What Round Diamond Buyers Need to Remember

As the most popular diamond shape, the round brilliant cut accounts for 60% of all engagement rings sold, and about 75% of all diamonds sold.

When buying a round cut diamond, color plays a relatively small role. For example, an I or J-colored diamond will appear colorless to nearly everyone (except diamond sellers and gemologists). This is especially true if you place the diamond in a yellow gold setting. You can easily go a few notches down to a K, L, or even an M-graded diamond. The stone will still look bright and colorless.

It isn’t easy juggling the different qualities and characteristics you need to evaluate in a diamond. If you’d like help from an expert, feel free to contact us. We’ll help you find the right diamond for the right price.

Different Settings Can Mask Diamond Color

Your setting can either mask or enhance the color of a diamond. For instance, even a white gold engagement ring can mask the diamond’s color somewhat. For example, if this I color diamond from Brilliant Earth were placed in a white gold setting, it would seem white even though it has a slight yellow tint.

In other words, an I-colored diamond only looks like an I-color when it’s placed next to a higher-graded diamond. In fact, a comparison between diamonds is how experts and gemologists grade Color. They place the diamond on a white folded card next to a master diamond to compare and determine the Color.

Matching Center Diamond Color with Side Stones

If you’re looking at a ring with side stones, you’ll want to make sure the stones’ colors complement each other. We recommend that side and accent diamonds either match the Color grade of the center stone or are slightly darker than the center stone. You want the center diamond to remain the white, sparkly focal point of the ring.

How Fluorescence Interacts With Diamond Color

Very few lab-created diamonds have fluorescence, although some are enhanced with a medium or strong fluorescence. The fluorescence is how a diamond responds to ultraviolet light. UV light makes whites whiter and black-light posters glow.

Strong or medium fluorescence generally dulls the brilliance of a diamond but can make a lower Color graded diamond appear whiter, like an N colored diamond for instance. For diamonds in the D-G range, it’s best to avoid strong fluorescence.

If you’re looking for a stunning diamond at a lower price point, opt for a J or a K colored diamond with a strong blue fluorescence.

Try Our Diamond Color Matching Game

In our game, you’re presented with diamonds in the D-K color range. The diamonds rest on their side (the way experts grade color). At the top, there’s a pool of the eight diamonds viewed face-up. Go ahead and try to match them to see how well you can tell the different color grades apart!

Are you considering paying more for a higher color diamond? Let's see if you can even tell the difference between these real diamond images of different colors!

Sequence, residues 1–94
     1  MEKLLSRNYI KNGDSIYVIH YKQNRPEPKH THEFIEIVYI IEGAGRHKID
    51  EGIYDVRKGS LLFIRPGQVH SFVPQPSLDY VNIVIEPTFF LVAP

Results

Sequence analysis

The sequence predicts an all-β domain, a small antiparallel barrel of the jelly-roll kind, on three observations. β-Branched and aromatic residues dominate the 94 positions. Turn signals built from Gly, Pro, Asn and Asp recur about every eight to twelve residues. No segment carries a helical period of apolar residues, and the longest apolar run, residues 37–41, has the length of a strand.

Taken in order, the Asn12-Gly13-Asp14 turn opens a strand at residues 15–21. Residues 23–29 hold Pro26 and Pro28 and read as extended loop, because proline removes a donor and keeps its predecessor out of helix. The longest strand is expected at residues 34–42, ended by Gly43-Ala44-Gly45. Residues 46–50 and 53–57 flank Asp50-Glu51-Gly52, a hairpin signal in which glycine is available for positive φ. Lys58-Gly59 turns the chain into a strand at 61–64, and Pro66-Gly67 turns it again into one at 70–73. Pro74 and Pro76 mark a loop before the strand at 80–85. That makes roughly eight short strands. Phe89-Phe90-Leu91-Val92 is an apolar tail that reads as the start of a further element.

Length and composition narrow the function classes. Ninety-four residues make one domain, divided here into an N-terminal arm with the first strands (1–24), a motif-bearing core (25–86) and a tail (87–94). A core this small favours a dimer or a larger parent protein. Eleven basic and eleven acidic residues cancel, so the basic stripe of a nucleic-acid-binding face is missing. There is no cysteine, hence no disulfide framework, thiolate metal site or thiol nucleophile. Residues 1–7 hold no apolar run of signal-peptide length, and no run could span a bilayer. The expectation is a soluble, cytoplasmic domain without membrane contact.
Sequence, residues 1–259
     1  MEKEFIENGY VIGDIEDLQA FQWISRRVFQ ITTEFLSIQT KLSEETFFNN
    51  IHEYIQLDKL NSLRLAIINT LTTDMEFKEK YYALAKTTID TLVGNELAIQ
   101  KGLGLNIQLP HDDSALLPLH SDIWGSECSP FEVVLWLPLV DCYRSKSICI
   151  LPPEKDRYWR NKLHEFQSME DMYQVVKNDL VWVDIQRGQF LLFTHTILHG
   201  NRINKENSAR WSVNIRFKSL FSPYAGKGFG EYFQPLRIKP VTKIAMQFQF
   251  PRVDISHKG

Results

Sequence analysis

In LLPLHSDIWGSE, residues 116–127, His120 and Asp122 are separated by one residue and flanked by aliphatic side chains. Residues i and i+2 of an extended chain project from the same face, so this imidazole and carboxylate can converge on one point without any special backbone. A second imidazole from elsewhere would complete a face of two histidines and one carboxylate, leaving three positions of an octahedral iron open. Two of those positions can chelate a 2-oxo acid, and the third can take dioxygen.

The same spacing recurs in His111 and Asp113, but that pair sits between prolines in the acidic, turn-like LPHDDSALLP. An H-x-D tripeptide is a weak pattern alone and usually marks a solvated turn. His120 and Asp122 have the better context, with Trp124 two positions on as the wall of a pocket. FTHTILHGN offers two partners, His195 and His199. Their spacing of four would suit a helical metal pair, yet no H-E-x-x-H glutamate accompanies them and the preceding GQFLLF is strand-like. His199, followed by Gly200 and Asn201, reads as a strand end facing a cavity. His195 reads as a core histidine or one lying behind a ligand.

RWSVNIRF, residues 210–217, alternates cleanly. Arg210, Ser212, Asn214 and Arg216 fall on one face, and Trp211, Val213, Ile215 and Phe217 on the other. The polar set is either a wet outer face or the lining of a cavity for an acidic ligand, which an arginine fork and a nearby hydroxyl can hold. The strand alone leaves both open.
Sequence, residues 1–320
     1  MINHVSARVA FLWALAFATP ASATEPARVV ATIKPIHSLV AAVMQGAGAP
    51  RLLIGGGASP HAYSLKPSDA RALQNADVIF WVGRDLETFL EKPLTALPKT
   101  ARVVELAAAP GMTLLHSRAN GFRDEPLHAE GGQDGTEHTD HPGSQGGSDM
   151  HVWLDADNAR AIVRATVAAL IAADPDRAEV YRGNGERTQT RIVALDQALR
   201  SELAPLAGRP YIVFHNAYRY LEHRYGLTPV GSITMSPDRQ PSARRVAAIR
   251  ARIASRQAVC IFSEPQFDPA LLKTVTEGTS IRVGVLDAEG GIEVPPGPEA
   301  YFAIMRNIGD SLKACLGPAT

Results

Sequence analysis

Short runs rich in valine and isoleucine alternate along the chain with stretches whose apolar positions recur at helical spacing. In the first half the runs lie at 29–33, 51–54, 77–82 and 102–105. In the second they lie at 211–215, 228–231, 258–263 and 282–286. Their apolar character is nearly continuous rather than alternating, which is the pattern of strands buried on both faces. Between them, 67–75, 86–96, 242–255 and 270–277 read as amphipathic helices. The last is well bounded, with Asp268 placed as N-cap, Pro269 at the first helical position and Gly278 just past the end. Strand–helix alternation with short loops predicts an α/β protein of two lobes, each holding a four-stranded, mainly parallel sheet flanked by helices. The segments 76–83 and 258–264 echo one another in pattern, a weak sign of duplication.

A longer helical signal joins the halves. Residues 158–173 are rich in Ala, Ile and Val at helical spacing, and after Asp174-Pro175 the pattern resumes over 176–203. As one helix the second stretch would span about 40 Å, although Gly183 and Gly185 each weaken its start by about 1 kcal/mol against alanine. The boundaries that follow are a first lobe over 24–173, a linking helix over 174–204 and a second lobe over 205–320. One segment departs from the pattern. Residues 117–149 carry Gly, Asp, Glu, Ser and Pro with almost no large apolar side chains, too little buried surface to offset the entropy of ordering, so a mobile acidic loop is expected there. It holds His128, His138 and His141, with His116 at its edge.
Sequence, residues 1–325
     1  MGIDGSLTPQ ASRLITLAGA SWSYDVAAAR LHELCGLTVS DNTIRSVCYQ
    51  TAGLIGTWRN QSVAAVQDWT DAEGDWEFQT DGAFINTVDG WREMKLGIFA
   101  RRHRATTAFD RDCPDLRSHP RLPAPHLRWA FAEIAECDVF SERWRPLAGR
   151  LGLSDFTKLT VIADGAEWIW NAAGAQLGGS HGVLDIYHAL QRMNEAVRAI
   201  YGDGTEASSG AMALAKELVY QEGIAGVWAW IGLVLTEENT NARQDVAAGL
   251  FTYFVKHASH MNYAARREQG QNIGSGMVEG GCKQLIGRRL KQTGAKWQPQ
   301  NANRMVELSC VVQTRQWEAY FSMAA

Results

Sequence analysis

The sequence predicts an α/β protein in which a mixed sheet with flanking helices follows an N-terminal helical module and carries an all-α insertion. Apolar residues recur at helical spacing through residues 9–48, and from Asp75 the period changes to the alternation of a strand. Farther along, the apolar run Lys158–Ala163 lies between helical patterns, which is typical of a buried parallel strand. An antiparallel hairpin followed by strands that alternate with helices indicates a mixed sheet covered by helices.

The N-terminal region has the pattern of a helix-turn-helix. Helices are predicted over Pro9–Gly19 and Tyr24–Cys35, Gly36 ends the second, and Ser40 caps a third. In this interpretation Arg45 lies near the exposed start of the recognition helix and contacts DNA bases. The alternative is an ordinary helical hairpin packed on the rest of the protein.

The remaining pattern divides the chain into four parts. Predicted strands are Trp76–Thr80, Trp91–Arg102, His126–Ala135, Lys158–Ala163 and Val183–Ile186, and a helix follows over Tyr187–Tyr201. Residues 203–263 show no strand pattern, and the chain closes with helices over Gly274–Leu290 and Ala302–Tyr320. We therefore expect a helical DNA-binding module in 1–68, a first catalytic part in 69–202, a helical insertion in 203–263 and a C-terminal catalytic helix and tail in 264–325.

Play Game

Drag and drop to match the colors. Score: 36

Do you have any unanswered questions about diamonds? <Click here> to ask.

Invite your friends to beat your score:

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Bottom Line Recommendation

As with natural diamond color, we suggest finding a lab-created diamond that appears white in relation to its setting. You can usually find a diamond in the G to I range that looks white but costs much less than those in the D to F range.

In general, though, we are a little hesitant about buying a lab-created diamond. While they look beautiful and mimic real diamonds, there is no inherent value to them. In fact, the price of lab-created diamonds have plummeted in the last few years, and we expect that trend to continue. Your long-term value will be better with a natural diamond, but your immediate visual bang for your buck will be better with a lab-created diamond.

Some people still might lean toward a lab-created stone because they feel it’s better for the environment. However, the amount of energy expended to grow and compress the carbon for lab-created stones is extensive. Others believe that lab-created diamonds are more ethical. In reality, there’s a small percentage of mining operations that exploit individuals and communities. The large percentage of diamond mining in the world is legitimate and actually improves the quality of life in the surrounding communities.

If you decide to go the lab-created route, we recommend James Allen. They offer a beautiful collection of IGI certified lab-created diamonds.

You can also check our other recommended vendors in this article, including Blue Nile.

For help with navigating the diamond buying minefield, feel free to contact us for personal help.

Here are more lab-grown topics to browse:

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About the author

Mike Fried Mike Fried Mike Fried has over 25 years experience in the diamond industry working with Leo Schachter Diamonds, Moshe Namdar Diamonds, and joining The Diamond Pro in 2007. He is recognized as an industry expert and has been quoted in publications such as Us, People, Page Six, The Next Web and more.